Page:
Libya three years after Gaddafi

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AT the time of his death, Libya’s Muammar Gaddafi had a dream in which his country and Africa was destined for greatness.
Just like President Robert Mugabe, he wished for Africa’s prosperity through his United States of Africa proposal.
Like Robert Mugabe he was destined to be among Africa’s greatest statesmen.
But the moment Western powers, under the auspices of the North Atlantic Treaty Organisation (NATO) ganged up with rebels his dream was shattered.
It has been three years since his demise but things have changed drastically for Libya.
Even those Libyans who plotted his downfall must be ruing the day they fell for Western ‘charm’.
There are several questions whose answers are being provided by the chaotic situation that Libya finds itself in today that need to be looked at especially for those who clamour for the so-called regime change agenda in Zimbabwe.
Why is it a crime for African leaders to adopt an anti-imperialism stance?
Why is the support of Pan-Africanism a ticket for regime change?
Why are those African leaders who pursue resource nationalism persecuted by the West?
In light of these compelling questions where is Libya today?
Why was Gaddafi persecuted?
In 2006 Gaddafi made a statement that rattled the West and laid the ground for his subsequent execution.
“Oil companies are controlled by foreigners who have made millions from them. Now, Libyans must take their place to profit from this money,” said Gaddafi.
The Wall Street Journal of May 5 2012 offered evidence, additional to that already accumulated, that NATO military intervention in Libya was rooted in objections to the Gaddafi government’s economic policies.
With crude oil as the country’s primary export, Gaddafi sought to improve Libya’s oil sector.
In October 1969, he proclaimed the current trade terms unfair, benefiting foreign corporations more than the Libyan state, and by threatening to reduce production, in December Jalloud successfully increased the price of Libyan oil.
In 1970, other OPEC states followed suit, leading to a global increase in the price of crude oil.
 The Revolutionary Command Council (RCC) followed with the Tripoli Agreement, in which they secured income tax, back-payments and better pricing from the oil corporations; these measures brought Libya an estimated US$1 billion in additional revenues in its first year.
Increasing state control over the oil sector, the RCC began a programme of nationalisation, starting with the expropriation of British Petroleum’s share of the British Petroleum-N.B. Hunt Sahir Field in December 1971.
In September 1973, it was announced that all foreign oil producers active in Libya were to be nationalised. For Gaddafi, this was an important step towards socialism.
 It proved an economic success; while gross domestic product had been US$3,8 billion in 1969, it had risen to US$13,7 billion in 1974, and US$24,5 billion in 1979. 
In turn, the Libyans’ standard of life greatly improved over the first decade of Gaddafi’s administration, and by 1979 the average per-capita income was at US$8 170, up from US$40 in 1951; this was above the average of many industrialised countries like Italy and the United Kingdom.
From 1969 to 1973, the RCC introduced social welfare programmes funded with oil money, which led to house-building projects and improved healthcare and education.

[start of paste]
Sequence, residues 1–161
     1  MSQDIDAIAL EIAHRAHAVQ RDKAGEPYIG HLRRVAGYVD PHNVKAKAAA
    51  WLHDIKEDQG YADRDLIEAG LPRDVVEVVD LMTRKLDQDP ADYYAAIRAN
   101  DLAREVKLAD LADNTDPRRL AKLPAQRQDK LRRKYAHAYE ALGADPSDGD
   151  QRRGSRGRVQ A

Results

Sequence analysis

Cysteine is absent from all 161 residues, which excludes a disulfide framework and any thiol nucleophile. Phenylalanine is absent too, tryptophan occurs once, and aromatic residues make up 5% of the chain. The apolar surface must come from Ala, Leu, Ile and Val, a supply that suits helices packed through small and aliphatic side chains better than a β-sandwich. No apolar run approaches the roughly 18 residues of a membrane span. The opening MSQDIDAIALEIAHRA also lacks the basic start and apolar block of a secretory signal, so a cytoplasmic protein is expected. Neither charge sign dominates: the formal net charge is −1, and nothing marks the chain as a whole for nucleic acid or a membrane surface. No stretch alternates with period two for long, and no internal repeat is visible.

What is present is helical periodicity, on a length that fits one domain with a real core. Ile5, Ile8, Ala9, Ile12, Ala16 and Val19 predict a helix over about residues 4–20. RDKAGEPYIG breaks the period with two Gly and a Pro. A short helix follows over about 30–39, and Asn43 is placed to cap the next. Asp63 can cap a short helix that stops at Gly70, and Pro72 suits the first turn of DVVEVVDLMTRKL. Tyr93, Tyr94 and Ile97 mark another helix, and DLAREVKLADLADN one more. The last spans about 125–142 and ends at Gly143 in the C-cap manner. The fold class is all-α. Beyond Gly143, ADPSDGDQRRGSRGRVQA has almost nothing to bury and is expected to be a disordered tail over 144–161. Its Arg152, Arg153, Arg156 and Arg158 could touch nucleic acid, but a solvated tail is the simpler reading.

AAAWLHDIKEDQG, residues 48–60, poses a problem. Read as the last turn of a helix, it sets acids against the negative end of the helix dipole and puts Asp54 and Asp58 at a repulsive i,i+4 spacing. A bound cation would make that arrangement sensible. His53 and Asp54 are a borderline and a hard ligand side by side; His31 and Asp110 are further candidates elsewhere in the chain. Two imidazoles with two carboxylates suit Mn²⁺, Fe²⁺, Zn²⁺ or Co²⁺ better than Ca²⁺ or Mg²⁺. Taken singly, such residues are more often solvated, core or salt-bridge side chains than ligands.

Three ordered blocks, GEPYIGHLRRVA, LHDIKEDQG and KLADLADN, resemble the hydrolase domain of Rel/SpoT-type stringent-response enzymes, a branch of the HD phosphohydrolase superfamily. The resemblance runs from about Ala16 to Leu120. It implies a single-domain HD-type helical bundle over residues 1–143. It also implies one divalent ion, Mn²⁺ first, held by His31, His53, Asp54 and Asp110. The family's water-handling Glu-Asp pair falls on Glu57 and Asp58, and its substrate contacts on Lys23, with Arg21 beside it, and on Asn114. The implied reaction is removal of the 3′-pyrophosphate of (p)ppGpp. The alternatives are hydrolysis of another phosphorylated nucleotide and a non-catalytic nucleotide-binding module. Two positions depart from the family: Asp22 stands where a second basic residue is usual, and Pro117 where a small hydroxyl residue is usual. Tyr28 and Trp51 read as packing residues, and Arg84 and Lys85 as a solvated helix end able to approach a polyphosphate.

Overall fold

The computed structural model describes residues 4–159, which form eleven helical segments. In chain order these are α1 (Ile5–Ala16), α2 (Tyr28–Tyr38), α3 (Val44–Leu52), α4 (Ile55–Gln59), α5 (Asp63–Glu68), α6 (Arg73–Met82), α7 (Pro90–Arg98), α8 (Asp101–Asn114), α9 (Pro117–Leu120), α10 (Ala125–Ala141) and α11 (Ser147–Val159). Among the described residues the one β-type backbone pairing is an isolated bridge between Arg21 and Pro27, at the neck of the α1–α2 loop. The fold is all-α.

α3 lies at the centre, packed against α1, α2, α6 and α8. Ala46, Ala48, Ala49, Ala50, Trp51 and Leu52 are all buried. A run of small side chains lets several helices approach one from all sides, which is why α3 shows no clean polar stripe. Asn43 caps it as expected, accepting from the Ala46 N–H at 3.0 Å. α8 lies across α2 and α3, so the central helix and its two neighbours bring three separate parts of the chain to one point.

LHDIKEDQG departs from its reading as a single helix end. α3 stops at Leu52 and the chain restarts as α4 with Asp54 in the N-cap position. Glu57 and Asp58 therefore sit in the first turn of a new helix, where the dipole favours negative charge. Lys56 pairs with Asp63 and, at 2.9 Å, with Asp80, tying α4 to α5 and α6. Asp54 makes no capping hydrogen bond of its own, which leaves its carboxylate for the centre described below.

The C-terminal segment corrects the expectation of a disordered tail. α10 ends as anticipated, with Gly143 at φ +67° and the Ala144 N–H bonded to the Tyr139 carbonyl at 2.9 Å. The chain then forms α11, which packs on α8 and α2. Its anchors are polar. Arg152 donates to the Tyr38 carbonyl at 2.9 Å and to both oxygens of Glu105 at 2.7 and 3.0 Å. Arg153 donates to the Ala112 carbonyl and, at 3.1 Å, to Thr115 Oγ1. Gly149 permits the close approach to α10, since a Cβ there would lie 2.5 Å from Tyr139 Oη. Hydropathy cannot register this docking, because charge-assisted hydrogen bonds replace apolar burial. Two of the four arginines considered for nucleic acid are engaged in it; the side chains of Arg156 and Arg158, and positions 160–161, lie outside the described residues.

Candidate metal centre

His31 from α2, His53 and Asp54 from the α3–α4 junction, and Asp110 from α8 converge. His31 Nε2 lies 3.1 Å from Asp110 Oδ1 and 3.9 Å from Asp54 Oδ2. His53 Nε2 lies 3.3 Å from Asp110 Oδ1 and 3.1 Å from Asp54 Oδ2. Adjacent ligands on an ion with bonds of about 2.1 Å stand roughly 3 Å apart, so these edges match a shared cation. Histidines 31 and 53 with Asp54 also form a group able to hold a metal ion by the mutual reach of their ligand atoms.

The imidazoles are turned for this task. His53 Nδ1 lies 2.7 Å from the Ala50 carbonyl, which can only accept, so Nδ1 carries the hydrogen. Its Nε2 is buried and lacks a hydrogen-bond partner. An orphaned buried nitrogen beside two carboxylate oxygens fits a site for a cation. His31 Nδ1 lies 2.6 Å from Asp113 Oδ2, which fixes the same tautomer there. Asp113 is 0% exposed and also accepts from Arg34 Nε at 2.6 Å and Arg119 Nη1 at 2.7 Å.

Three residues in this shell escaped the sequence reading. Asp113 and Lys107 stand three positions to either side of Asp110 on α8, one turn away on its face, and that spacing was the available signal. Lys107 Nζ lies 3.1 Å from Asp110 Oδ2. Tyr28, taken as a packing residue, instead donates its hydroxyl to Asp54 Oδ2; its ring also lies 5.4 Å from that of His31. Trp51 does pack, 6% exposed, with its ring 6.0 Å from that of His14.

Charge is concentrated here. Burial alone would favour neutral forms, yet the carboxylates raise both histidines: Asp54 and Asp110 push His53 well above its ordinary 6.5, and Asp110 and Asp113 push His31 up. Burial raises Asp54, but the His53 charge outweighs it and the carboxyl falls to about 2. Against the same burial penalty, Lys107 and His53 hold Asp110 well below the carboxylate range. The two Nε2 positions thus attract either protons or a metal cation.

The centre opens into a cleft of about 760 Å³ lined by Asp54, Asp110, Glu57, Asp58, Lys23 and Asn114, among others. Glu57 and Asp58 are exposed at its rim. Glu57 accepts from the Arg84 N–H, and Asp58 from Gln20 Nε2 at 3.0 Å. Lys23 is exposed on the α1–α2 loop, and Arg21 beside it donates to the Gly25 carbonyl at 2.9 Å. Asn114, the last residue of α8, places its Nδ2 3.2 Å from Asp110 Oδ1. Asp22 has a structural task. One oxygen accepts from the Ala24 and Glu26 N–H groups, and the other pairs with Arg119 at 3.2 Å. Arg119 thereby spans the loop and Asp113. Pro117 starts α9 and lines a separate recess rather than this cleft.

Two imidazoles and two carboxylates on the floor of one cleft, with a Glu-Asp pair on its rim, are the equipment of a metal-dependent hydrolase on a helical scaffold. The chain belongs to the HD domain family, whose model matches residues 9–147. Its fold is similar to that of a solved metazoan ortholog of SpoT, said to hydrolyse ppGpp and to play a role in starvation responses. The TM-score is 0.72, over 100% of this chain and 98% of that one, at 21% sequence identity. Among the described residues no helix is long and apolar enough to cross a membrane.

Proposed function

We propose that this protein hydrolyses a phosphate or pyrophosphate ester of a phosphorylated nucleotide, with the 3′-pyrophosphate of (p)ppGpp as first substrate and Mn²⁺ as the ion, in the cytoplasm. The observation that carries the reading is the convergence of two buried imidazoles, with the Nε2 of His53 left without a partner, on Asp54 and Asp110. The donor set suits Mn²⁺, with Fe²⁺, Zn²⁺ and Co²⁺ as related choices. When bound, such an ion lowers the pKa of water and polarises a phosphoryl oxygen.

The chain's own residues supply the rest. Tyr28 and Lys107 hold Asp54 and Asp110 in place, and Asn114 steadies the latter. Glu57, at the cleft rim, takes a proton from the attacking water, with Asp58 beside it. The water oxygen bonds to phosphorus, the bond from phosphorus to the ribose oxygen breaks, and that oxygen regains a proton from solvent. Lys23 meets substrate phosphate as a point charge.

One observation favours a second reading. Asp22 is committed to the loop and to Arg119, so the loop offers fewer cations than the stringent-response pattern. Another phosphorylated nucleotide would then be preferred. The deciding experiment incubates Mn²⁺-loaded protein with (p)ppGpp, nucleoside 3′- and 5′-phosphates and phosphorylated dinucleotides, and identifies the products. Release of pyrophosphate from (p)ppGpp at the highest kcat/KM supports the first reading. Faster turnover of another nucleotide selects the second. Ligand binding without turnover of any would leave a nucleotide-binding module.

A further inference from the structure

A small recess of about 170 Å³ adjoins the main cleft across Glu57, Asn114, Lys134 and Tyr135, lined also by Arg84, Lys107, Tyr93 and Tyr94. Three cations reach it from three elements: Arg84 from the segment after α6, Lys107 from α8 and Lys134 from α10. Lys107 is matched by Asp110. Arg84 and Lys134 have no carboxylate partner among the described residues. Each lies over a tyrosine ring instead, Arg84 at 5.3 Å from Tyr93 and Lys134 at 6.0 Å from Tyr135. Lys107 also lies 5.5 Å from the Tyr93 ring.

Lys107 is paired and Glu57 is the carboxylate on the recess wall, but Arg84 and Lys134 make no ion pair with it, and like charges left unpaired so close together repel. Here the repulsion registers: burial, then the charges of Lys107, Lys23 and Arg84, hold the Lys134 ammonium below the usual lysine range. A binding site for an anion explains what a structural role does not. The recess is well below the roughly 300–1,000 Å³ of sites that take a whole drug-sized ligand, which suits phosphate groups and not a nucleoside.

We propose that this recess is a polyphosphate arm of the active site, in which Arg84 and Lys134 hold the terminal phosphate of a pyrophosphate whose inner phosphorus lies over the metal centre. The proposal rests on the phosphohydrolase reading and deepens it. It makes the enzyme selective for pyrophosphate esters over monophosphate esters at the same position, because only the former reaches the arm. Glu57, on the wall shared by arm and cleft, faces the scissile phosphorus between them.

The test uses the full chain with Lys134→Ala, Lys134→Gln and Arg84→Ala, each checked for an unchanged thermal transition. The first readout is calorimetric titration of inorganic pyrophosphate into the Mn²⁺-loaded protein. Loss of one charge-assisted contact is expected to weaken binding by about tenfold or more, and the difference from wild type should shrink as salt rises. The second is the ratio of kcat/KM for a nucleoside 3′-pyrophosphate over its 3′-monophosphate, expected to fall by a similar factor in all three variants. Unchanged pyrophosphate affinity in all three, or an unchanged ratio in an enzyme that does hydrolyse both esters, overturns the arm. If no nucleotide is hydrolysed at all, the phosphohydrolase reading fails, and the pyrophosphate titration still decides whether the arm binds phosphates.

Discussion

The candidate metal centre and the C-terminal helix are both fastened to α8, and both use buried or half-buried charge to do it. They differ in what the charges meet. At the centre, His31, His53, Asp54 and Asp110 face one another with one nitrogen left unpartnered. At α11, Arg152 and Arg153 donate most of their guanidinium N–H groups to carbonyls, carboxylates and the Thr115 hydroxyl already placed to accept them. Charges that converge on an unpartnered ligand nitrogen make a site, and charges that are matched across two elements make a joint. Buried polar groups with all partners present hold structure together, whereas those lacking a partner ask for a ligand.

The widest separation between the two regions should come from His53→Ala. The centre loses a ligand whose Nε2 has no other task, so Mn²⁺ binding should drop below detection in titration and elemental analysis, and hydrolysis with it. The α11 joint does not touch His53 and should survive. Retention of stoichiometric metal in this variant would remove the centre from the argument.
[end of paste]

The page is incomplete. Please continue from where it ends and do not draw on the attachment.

In doing so, they greatly expanded the public sector, providing employment for thousands.
Compulsory education was expanded from 6 to 9 years while adult literacy programmes and free university education were implemented; Beida University was founded, while Tripoli University and Benghazi University were expanded.
 These early social programmes proved popular within Libyans.
With all this happening the West made up their mind on Gaddafi.
His policies and assertive stance on matters of national sovereignty meant he had to be dislodged.
And they bid their time until three years ago.
But now Libya is in tatters.
The major oil-producing state is not just in anarchy but reverting back into poverty.
It has had two governments and parliaments since former insurgents from the western city of Misrata took over the capital Tripoli in August, naming their own prime minister and forcing the formally constituted government to move 1 000 km to the east.
The new Tripoli rulers have appropriated several ministries and state television, cementing their grip even though the United Nations and Western powers recognise only Prime Minister Abdullah al-Thinni’s administration, now based in Bayda.
To regain some semblance of authority, Thinni’s government will set up a new state agency called LANA, the same name as before, in Bayda, its head Mahmoud al-Ferjani told Reuters by telephone from Bayda.
Last month, the United Nations started a dialogue between the elected House of Representatives, which also works out of the east, and Misrata members who have boycotted its sessions.
The talks have not taken in armed factions from Misrata or a rival militia allied to the western city of Zintan who battled Misrata forces in Tripoli for more than a month over the summer.
Currently there are widespread fears that Libya will descend into a civil war as citizens battle to come to terms with the suffering they are going through, post Gaddafi.
As Libya continues to slide into anarchy, the lesson for Zimbabweans who are partnering with the West is that ‘democracy’, Western type of ‘democracy’ comes at a price.
That price is suffering and neo-colonialism.
Let those with ears listen.

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